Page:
Museum of the Manchester Regiment
The Men Behind the Medals

George Sayce

George Sayce :

George Sayce : (L to R) 1914-15 Star; British War Medal; Allied Victory Medal

(L to R) 1914-15 Star; British War Medal; Allied Victory Medal

George was born on the 9th December 1893 in Shrewsbury, Shropshire. His father was called John Edward and his mother was Ann. He was one of 10 children. We know the names of 9: John E., James, Edith, Annie, Alice, Charles, Nellie and Lizzie, who were all older than him. One of the family's children had died by 1911. We don't know whether this was the other sibling.

John had worked as a house painter since at least 1881. By 1891 John junior and James had both followed in their father's footsteps. In this year the family lived at 20 Copthorne View Cottages in Shrewsbury.

John had worked for someone else in 1891, but by 1901 he had become self-employed. His 2 older sons still worked with him. They lived with Ann and their younger siblings at 15 St Mary's Street in Shrewsbury.

At some point over the next 10 years the family moved to Oldham, Lancashire. In 1911 John and Ann lived with Annie, Alice, Charles, Nellie and George at 35 Churchill Street near Alexandra Park in Oldham. John's sister in law Mary Green and granddaughter Elsie Jones also lived with them. We don't know whose child Elsie was.

John still worked as a house painter, and had also branched out into churches. He had become successful enough to employ others. Charles had followed in his father's footsteps, but George had not. He worked as a fitter for a company that made textile machinery for Oldham's many cotton mills.

As well as his civilian job, in mid-to-late 1912 George joined the Army. He enlisted in the 10th Battalion of the Manchester Regiment. This was a unit of the Territorial Force based in Oldham. George kept his civilian home and job and trained as a soldier during evenings and weekends, as well as an annual training camp lasting around 2 weeks. His service number was 1444.

When the First World War broke out in August 1914 the 10th Battalion was called up for full time service. They were sent overseas on the 10th September and arrived in Egypt on the 25th.

During this period George was a member of the battalion's Machine Gun Section. This used the Maxim Machine Gun to support the battalion's operations. This section was commanded by an officer, Captain Albert Leach, and included 21 soldiers. On the 3rd November they left the rest of the battalion.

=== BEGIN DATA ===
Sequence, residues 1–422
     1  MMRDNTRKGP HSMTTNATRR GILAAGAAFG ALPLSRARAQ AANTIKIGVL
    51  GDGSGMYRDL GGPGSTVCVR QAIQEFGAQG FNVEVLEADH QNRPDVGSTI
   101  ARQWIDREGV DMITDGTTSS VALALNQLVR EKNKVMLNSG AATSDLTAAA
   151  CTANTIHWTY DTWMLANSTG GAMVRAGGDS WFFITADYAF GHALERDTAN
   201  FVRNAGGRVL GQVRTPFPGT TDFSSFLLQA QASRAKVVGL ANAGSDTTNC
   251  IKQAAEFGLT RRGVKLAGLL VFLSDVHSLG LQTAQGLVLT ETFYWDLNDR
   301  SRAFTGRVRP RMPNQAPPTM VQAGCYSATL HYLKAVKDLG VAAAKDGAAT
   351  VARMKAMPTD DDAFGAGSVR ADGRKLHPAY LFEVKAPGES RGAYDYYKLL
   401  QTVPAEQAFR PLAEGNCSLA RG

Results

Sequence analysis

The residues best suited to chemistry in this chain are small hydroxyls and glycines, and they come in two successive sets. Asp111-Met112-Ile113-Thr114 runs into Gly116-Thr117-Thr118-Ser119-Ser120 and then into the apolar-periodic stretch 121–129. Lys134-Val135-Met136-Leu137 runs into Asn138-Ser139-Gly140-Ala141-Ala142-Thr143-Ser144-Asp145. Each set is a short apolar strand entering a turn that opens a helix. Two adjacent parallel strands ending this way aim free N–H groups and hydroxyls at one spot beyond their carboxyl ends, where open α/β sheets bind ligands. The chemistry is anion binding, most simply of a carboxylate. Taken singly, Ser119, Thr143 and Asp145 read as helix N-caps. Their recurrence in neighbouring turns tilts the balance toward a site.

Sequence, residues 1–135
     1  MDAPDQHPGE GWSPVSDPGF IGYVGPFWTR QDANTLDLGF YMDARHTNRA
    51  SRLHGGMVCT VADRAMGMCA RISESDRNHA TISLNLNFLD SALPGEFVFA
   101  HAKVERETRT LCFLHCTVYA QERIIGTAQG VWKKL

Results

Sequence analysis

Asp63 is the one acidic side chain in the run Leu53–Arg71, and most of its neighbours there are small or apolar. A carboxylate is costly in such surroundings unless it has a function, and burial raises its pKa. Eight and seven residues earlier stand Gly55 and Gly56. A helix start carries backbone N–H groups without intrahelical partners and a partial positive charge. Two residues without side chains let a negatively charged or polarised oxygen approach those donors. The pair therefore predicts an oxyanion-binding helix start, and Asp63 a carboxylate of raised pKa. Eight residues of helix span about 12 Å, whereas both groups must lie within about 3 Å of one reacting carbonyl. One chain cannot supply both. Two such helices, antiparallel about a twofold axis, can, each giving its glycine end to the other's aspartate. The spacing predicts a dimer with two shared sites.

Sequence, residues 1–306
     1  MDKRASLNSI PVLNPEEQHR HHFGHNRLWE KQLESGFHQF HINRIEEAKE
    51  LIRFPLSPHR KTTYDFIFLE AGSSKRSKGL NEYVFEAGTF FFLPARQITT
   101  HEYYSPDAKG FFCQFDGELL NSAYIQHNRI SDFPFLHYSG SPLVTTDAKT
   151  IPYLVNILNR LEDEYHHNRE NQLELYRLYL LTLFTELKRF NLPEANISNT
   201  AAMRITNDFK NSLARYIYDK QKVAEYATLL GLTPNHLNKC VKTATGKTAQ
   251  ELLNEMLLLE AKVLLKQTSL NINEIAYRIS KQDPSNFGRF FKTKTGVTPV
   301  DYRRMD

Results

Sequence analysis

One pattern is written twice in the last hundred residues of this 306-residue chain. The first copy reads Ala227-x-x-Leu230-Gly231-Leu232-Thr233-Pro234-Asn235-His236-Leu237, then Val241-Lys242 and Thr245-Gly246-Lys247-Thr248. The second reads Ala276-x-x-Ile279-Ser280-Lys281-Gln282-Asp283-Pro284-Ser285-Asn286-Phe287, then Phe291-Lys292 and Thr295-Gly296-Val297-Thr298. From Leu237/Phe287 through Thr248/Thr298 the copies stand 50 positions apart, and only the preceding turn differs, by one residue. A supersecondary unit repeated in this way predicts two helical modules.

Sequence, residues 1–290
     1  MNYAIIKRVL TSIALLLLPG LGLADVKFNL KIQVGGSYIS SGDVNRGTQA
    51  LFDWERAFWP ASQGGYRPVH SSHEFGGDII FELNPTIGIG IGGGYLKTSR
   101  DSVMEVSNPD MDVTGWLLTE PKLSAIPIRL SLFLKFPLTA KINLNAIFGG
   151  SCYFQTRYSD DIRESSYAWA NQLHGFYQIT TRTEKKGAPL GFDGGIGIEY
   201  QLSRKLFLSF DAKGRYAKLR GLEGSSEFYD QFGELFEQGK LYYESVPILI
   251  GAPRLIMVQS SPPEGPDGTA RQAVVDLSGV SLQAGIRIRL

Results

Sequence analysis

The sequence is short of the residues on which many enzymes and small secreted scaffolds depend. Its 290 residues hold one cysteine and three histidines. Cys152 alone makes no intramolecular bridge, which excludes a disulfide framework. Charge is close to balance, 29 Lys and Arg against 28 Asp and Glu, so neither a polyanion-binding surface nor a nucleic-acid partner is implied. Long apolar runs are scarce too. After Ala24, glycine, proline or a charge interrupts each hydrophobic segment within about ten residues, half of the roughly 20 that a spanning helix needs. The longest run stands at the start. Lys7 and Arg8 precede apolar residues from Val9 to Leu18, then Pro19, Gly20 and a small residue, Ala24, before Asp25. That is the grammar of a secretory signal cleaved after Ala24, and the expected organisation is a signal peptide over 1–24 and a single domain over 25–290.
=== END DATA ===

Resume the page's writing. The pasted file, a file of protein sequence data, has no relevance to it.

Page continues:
The Section was sent to Ismailia to assist Indian units in guarding the Suez Canal. They became the first members of the 10th Battalion to see combat when they helped to defeat 2 Turkish attacks on the Canal. They were both launched in the early morning, one on the 27th January 1915 and the other on the 3rd February. According to Albert 'the men behaved very well under fire'.

George returned to the rest of the battalion at the end of February. After 2 more months of training he left Egypt and took part in the invasion of Gallipoli on the 5th May. By this time the battalion had been renamed the 1/10th Battalion.

Within days George and his comrades were in the front line and taking casualties from the Turkish defenders. On the 4th June the British launched a large attack on the village of Krithia. George and the 1/10th Battalion advanced further than most British units, but this meant when the Turks counter attacked they were cut off and forced to withdraw without capturing the village. The battalion lost many men killed and wounded during this fighting. Their next large operation took place on the 6th and 7th August, again in the Krithia area, and again unsuccessfully.

From then on life in Gallipoli was quieter, but no less dangerous. The 1/10th Battalion took its turn in the front line and in the rear; it took casualties from Turkish snipers and artillery as well as losing men to diseases such as diarrhoea and dysentery.

The battalion left Gallipoli on the 21st January 1916 and returned to Egypt. They moved into the Sinai Desert and began preparing defences to protect the Suez Canal against a Turkish attack. They remained here until March 1917 when they were sent to the Western Front in France and Belgium. They fought here until the end of the war in November 1918.

At some point George left the 1/10th Battalion and returned to the UK. We don't know when this was, or why he had to leave. Like all soldiers serving with the Territorial Force he was given a new service number during March 1917: 375169.

By the end of the war George was serving with the 5th (Reserve) Battalion of the Manchester Regiment at Scarborough in Yorkshire. He held the rank of Acting Sergeant.

After the war George was demobilised and left the Army. He returned to Oldham and his work as a fitter.

On the 20th August 1921 George married Edith Scholes in St Thomas' Parish Church in Werneth, Oldham. When they got married he lived at 41 Chelmsford Street and she lived at 90 Villa Road. We don't know where they made their home.

George and Edith lived in Oldham for the rest of their lives. We know they lived on Lorne Street in Werneth for some time. They had 2 sons. George junior was born on the 23rd October 1922, and Kenneth on the 24th January 1925.

By the end of their lives George and Edith had 5 granddaughters. Edith died in September 1974 at the age of 76. Less than 3 months later George junior died. He was 52.

George died shortly after his 85th birthday, in December 1978. His medals were donated to the Museum of the Manchester Regiment in August 2011.

Museum of the Manchester Regiment
c/o Portland Basin Museum
Portland Place
Heritage Wharf

Telephone: 0161 342 5480
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Army Museums Ogilby Trust logo
Trustees of the Manchester Regiment Museum & Archive and Tameside Metropolitan Borough Council